Because this topic deserves its own special post, we wrote you a guide on the Best Coffee Houses in Vienna. You’ll learn how to read a Viennese coffee menu and which coffee houses to visit.
Go to a Ball
The best thing to do in Vienna in January is attending a ball … you know, the Cinderella kind. Each year, Vienna hosts over 300 balls. This is how the Viennese celebrate Fasching (Carnival). Though the season formally begins in November and ends on Ash Wednesday, January and February are “high season” for ball-goers. Each ball has a different theme, price point, dress code, etc… If you want to attend a Viennese ball, make sure you buy your tickets early, adhere to the dress code (strictly enforced), bring cash, and learn how to waltz.
Want to learn more about attending a ball? Read Next: Vienna Rainbow Ball
Three Kings High Mass at the Augustinian Church
Augustinerkirche (the Augustinian Church) is a parish church located at Josefsplatz, next to the Hofburg. On Sundays, you can experience the Catholic High Mass. In this type of service, almost everything is sung. We recommend attending a high mass at the Augustinian Church, because of the incredible orchestral and choral music. Each Sunday, the church choir, orchestra, and organ collectively create a sublime aural experience. It’s riveting!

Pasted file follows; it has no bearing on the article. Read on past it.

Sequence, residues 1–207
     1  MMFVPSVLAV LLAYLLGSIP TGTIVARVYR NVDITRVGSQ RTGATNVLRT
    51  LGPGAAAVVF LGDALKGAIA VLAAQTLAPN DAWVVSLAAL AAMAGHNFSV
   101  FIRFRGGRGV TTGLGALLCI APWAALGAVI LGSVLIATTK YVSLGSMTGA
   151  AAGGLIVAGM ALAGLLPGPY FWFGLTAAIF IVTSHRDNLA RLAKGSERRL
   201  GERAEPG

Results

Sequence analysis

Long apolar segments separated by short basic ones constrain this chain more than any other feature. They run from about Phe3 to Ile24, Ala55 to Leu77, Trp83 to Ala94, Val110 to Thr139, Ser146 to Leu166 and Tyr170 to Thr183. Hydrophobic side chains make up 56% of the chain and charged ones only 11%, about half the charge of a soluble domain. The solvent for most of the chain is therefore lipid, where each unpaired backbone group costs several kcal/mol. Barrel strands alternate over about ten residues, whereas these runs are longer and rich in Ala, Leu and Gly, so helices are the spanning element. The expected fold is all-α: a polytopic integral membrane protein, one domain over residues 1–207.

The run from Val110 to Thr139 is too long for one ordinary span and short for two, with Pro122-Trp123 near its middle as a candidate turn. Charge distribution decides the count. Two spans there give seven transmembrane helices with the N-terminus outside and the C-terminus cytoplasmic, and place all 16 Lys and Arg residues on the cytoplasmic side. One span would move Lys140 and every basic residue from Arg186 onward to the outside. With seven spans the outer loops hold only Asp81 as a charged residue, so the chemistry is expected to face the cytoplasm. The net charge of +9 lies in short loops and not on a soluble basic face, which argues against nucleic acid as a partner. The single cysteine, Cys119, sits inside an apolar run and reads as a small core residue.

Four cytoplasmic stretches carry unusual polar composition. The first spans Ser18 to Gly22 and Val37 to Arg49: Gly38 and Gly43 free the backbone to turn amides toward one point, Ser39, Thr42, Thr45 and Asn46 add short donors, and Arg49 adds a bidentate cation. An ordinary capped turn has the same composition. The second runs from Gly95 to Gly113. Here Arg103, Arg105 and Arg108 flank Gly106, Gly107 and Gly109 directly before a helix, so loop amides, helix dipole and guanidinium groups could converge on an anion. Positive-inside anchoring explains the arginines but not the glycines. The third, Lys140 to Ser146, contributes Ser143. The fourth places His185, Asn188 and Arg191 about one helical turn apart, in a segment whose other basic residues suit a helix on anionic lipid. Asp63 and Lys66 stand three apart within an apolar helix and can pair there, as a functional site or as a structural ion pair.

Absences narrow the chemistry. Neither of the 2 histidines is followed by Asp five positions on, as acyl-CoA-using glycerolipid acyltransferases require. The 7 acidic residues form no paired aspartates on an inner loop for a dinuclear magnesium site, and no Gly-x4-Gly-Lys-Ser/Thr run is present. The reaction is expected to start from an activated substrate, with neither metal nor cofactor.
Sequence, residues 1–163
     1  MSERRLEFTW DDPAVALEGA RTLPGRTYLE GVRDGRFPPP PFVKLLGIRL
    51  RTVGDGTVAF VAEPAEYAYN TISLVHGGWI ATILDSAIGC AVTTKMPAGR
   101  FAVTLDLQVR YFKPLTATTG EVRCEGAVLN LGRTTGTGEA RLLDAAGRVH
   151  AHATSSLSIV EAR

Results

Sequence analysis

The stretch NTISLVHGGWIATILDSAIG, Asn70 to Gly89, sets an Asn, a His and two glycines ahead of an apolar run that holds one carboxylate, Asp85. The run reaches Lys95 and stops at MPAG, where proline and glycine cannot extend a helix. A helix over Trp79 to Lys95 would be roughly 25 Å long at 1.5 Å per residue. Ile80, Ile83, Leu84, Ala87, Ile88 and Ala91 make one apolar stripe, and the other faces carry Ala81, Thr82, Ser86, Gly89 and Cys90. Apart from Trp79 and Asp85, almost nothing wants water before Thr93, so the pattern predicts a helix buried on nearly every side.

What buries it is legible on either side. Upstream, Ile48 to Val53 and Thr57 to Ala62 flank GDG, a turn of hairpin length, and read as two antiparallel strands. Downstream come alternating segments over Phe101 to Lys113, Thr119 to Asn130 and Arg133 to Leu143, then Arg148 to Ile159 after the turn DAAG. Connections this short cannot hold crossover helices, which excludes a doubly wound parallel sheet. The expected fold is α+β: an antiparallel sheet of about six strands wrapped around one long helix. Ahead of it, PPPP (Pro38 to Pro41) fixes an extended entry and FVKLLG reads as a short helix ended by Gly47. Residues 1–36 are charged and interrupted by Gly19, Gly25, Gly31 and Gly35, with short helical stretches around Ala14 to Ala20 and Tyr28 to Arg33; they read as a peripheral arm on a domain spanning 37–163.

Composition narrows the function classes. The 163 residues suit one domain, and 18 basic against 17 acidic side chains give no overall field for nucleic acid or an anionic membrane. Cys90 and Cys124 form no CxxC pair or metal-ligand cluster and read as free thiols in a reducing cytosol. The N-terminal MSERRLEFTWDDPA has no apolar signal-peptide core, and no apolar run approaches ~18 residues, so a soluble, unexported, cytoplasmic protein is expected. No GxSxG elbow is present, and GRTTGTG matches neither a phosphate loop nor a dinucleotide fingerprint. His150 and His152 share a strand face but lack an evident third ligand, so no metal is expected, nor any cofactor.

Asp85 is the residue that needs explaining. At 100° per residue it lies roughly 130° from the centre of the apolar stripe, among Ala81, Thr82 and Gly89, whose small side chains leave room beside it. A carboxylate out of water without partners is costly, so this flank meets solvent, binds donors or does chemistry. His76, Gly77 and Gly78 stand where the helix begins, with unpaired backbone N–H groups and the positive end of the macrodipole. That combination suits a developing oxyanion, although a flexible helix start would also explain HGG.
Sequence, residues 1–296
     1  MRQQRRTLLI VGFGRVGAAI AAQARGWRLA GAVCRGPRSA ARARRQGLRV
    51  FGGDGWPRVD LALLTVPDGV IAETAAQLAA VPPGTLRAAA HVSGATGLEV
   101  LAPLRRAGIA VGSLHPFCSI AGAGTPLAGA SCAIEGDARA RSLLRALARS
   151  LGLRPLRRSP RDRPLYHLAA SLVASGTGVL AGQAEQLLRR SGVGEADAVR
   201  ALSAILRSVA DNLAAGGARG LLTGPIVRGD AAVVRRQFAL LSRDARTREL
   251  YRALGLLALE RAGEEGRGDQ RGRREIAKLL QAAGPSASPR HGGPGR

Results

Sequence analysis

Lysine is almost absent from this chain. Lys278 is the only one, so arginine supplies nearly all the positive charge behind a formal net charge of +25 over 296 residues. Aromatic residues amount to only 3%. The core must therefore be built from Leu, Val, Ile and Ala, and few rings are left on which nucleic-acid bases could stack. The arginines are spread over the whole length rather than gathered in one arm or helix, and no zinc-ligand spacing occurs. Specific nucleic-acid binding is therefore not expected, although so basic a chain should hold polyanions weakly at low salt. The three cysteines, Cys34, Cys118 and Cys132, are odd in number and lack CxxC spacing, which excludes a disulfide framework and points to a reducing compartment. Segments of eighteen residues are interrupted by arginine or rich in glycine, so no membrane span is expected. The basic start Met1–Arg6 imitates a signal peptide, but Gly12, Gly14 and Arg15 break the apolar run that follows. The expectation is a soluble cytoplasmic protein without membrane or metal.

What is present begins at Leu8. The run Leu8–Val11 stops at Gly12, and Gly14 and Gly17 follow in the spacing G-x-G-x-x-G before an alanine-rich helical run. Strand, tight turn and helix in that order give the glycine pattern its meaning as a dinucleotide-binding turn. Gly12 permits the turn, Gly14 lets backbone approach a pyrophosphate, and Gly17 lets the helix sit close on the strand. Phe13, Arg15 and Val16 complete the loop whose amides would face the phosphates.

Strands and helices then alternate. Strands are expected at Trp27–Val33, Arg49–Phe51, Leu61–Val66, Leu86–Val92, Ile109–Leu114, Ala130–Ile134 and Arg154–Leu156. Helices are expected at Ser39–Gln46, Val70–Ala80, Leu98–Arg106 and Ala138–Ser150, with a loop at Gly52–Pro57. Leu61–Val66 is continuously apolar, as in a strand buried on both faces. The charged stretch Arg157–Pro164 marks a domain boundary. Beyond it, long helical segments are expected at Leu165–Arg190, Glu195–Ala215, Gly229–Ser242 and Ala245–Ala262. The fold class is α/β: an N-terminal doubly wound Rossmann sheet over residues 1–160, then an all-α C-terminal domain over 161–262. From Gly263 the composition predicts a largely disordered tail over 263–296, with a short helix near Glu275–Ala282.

If you’re keen on Christmas and Catholic holidays, try to catch the Dreikönigshochamt (Three Kings High Mass). In Austria, Three Kings Day marks the end of the Christmas season.
Schedule: High Mass Schedule at Augustinerkirche. Here you can see what masses (music) are being performed on which days. E.g. WA Mozart: Small Credo Mass, J. Haydn: Nicolaimesse, G. Puccini: Messa di Gloria.
Time: Usually at 11:00 a.m. on Sundays (please double check). Arrive 20 minutes early to get a seat.
Entrance: Free. The church asks for a donation of 8 EUR to support the music and ongoing costs of maintaining an orchestra, soloists, organist, and conductor.
Address: Augustinerstraße 3, 1010 Wien (Josefsplatz)
Don’t Miss: Vienna’s Hidden Gems & Best Kept Secrets
More Information for Your Trip to Austria:
- Austria Travel Guide
- 2 Week Austria Itinerary
- 1 Week Austria Itinerary
- Best Places to Visit in Austria
- Wine Tasting in South Styria